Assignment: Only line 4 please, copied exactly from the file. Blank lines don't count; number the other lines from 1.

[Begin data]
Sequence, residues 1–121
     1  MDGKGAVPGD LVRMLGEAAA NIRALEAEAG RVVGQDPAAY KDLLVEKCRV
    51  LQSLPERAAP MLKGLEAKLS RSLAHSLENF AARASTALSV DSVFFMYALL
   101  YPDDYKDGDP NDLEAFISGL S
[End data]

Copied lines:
   101  YPDDYKDGDP NDLEAFISGL S